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978-1572305441

autism

William 83 Bleuler, a

William 83 Bleuler, a Swiss psychiatrist who had published a very influential book on schizophrenia some years earlier. Bleuler argued that “autism,” defined as a persistent withdrawal from reality, was one of the cardinal symptoms of schizophrenia. Kanner and Asperger believed that the impairments in social interaction seen in the children they were describing were similar to the “autism” seen in schizophrenia. But Asperger used the term “psychopathy” to argue that this was a feature of the child’s personality, not an illness like schizophrenia. He did not acknowledge Kanner in his article, suggesting that the two had arrived independently at a similar description. The group identified by Asperger were all verbal, whereas of the eleven children Kanner wrote about, only five were fluent. These fluent children closely resembled the children described in Asperger’s paper. This marked the beginning of much overlap and confusion between the terms, a confusion that still exists today. There has, in fact, been much controversy in academic circles as to whether AS and autism are different disorders. To some extent, this is not a helpful debate. The more important issue is whether it is useful to differentiate these two types of ASD. Or should all such children be given the label “high-functioning autism” or “autism spectrum disorder”? Whether or not autism and AS are “really” different requires an understanding of the underlying causes that is well beyond our current knowledge base. According to DSM-IV, the key differentiating feature between autism and AS is that children with AS “lack clinically significant cognitive and language delays.” Children with AS develop speech at roughly the appropriate time; single words are used spontaneously and usefully by around one year, and spontaneous phrase speech with a verb appears by three years of age. The emphasis here is on spontaneous and useful speech as opposed to echolalic speech, which is simple parroting of what another person has said or what the child may have heard on TV. Children with autism may speak early, but the speech is usually echolalic and not spontaneous. One way of thinking about these disorders is to think of autism as AS with an added impairment in language. The differences between autism and AS with respect to their clinical presentation and their outcome perhaps stem from this fundamental difference in language ability. There is also some evidence that children with AS have fewer autistic symptoms and are able to function better in the community than children with autism. However, a subgroup of children with autism can also develop fluent speech, though by definition they do so at a later age than children with AS, between four and six to seven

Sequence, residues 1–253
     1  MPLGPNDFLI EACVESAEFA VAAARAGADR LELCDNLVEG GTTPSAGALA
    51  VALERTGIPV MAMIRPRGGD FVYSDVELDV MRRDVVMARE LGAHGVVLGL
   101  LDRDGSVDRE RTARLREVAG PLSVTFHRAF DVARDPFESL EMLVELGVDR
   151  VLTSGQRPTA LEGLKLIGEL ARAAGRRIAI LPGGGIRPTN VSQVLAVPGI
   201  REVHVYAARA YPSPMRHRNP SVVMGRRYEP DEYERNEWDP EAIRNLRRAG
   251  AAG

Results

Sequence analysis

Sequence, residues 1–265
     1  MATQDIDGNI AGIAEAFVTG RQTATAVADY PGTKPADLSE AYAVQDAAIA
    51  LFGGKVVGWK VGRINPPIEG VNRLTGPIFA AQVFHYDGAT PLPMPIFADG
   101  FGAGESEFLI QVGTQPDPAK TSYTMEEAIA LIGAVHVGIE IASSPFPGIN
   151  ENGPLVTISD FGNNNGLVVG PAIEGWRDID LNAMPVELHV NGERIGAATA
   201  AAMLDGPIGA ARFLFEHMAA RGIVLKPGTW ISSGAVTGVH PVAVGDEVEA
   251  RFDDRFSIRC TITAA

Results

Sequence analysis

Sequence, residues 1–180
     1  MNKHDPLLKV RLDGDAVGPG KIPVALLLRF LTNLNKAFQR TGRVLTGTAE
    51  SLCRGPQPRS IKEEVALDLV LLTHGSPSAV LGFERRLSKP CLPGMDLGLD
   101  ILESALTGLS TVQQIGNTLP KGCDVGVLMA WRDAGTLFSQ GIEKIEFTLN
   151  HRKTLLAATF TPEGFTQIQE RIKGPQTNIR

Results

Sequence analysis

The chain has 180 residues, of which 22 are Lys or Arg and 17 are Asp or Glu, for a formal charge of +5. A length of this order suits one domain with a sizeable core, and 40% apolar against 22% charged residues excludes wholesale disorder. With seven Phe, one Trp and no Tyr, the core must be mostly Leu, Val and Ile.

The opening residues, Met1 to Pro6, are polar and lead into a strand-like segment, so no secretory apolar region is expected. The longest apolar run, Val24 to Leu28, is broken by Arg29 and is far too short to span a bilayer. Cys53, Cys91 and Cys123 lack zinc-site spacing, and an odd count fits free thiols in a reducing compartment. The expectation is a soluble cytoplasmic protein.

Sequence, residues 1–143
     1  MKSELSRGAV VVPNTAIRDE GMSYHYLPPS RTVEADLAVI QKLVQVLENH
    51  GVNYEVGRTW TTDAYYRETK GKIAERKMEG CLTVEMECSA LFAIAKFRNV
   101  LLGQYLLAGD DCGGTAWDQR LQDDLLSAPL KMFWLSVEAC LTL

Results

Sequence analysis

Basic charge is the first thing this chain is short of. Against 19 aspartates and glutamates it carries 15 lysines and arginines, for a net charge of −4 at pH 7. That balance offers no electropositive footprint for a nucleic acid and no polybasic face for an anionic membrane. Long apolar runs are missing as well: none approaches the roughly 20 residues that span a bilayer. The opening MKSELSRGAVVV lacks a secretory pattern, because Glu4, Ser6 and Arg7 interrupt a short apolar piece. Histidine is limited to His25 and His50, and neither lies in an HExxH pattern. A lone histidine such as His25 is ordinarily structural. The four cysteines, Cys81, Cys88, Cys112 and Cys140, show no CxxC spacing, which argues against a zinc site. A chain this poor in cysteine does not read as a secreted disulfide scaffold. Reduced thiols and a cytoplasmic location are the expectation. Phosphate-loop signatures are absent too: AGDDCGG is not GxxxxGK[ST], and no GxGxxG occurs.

84 A MIND APART years of age. Once these children develop useful speech they come to resemble more and more the AS children and may eventually catch up to them. On the other hand, both AS and autism appear to arise from a common set of genetic mechanisms. Children with AS can have siblings with autism and children with autism can have siblings (and even parents) with AS. There is also no evidence that treatment needs are any different, though children with autism need speech therapy whereas children with AS are already able to talk. For them, therapy needs to focus on the social use of speech. Therefore, making the distinction between AS and autism may be useful not only in predicting outcome for the child, but also in choosing a focus for treatment. * * * “And I saw the round doors going east through the windows of the round doors going west. And I saw the round doors going west through the windows of the third coach with gray on the round doors going east. And then I got in the round doors going east.” “Who was with you?” “Joe and Claire.” “Who are they?” I had heard about Pamela, but not these two. “My cousin. My three-year-old cousin.” “Who was three years old?” I ask, expecting clarification. “Then we got downtown at 4:15.” I sit back in the conversation, resigned. I must be content to go for a ride, still confused about the meaning of the different shapes and colors. The train is going awfully fast, but I dare not pull the brake handle to slow it down. I have long ago given up asking about depression. As I listen to William, I realize that I am not part of this conversation. Indeed to even call it a conversation is perhaps inaccurate. I am being talked at, not with. William and I do not share a common framework, a set of rules, for the creation of shared meaning. As a listener, I experience a profound slippage between what is said, which I can perfectly well understand, and what is meant, of which I still have no clue. What is not being said is as important to the meaning of the conversation as what I hear, but I cannot figure out what that is. I have the sense that there is meaning to this, but it eludes me. I try to project all kinds of meaning onto the torrent of language to imagine what is not said, but none of my conjectures seems to fit. I am, in effect, a passive participant as words are flung at me. I can well imagine how this type of interaction

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